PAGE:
Still, LessWrong (or crowdsourced) data would be sufficient to train only a relatively small and not very capable predictive model. To make the predictive model more powerful, the SSM should be continuously re-trained on the data from at least a large portion of production users. I didn’t think hard about this yet, and I’m not an expert in federated learning and differential privacy, but I bet there should be some way to organise the model training in a privacy-preserving (and benefit-distributing, see below) way.

Economics

Reading comments and diligent voting is time-consuming work. It should be compensated by a token, similar to Brave’s Basic Attention Token.

Reactions to comments to a particular content piece are aggregated and distributed by special types of nodes (let’s call them Story Nodes), which could perhaps itself be open sourced, and spun up for arbitrary communities, including those where the content and comments are not public.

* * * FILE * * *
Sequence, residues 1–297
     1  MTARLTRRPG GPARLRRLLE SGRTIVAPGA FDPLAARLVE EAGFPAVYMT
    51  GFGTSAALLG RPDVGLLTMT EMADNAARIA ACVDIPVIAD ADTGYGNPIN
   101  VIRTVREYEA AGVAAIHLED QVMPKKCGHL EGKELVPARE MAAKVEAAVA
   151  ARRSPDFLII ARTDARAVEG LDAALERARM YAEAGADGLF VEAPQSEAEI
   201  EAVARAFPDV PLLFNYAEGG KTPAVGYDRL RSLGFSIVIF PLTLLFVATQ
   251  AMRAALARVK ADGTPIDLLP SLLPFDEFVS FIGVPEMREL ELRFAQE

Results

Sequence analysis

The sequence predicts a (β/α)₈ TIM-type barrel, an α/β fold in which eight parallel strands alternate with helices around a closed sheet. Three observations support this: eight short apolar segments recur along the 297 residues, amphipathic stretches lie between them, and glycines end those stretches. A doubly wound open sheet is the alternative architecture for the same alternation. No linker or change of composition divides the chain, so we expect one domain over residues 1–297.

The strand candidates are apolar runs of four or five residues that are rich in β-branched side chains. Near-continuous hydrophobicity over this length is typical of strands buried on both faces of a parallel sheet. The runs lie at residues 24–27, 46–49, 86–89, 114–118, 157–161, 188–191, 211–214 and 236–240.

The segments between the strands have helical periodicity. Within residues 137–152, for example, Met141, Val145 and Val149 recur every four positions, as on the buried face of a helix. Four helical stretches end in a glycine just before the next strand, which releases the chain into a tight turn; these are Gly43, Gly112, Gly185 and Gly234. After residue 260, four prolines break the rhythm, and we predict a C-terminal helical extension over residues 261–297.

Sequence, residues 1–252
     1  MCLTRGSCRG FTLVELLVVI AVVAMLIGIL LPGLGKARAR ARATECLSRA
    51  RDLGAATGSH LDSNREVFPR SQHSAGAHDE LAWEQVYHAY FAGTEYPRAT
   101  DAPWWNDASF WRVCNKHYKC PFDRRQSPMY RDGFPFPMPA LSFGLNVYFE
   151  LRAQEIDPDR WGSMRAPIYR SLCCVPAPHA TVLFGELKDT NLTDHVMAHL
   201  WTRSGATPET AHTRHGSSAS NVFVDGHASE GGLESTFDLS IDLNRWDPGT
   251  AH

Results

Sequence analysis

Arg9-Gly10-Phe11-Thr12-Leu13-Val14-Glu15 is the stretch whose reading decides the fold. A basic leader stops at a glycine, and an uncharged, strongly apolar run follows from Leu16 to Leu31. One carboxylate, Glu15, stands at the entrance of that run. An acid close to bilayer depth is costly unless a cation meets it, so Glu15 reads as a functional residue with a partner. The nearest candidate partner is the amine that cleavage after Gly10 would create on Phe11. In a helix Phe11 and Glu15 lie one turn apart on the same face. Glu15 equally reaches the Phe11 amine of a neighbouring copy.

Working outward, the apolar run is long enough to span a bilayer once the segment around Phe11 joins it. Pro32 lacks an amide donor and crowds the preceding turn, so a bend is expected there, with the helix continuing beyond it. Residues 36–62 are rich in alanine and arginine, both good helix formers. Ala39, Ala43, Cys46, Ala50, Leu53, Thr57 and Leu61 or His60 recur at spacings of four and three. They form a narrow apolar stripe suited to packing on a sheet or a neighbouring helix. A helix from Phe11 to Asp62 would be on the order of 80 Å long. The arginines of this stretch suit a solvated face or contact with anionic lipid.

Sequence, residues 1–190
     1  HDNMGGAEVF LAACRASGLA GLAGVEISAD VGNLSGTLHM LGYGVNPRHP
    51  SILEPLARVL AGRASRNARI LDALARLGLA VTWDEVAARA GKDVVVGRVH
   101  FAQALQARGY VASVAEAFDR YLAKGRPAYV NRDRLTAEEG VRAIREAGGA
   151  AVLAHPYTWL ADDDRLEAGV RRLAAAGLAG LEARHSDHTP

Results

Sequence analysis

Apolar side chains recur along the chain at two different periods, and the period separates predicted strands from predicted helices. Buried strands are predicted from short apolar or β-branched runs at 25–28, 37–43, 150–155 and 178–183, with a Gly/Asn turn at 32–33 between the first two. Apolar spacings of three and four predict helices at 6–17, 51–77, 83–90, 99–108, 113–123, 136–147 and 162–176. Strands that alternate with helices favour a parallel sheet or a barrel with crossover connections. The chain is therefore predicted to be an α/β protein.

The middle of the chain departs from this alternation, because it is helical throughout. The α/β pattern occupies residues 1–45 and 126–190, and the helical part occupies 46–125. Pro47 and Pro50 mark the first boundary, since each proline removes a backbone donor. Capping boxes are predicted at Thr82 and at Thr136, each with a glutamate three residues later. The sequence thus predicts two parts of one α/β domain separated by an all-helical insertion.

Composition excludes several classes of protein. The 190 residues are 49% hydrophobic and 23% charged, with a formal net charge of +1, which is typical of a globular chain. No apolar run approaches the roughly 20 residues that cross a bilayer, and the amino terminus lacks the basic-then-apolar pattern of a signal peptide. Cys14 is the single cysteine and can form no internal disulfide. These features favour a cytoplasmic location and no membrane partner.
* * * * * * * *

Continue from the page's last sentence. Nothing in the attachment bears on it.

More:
Story Nodes charge the token for accessing the best consensus sorting of comments. It is bought by people who don’t want to spend a lot of time reading through the comments and voting, but want to access comments with the best ordering, saving their time and maximising value from reading. Story Nodes share the tokens with the users who reacted to the comments “well”.

Credit assignment to the users is not trivial here: to prevent abuse of the system with junk voting, it should be based on free energy reduction (FER), i. e., formally, just the difference in the free energy of the Story Node before and after receiving a reaction from the user. (Even this is not the end of the credit assignment story. For example, the credit that initially went to a good-sounding but misleading comment should be forwarded to “rebuttal” replies. I don’t have a complete vision of credit assignment in [BetterDiscourse] yet.)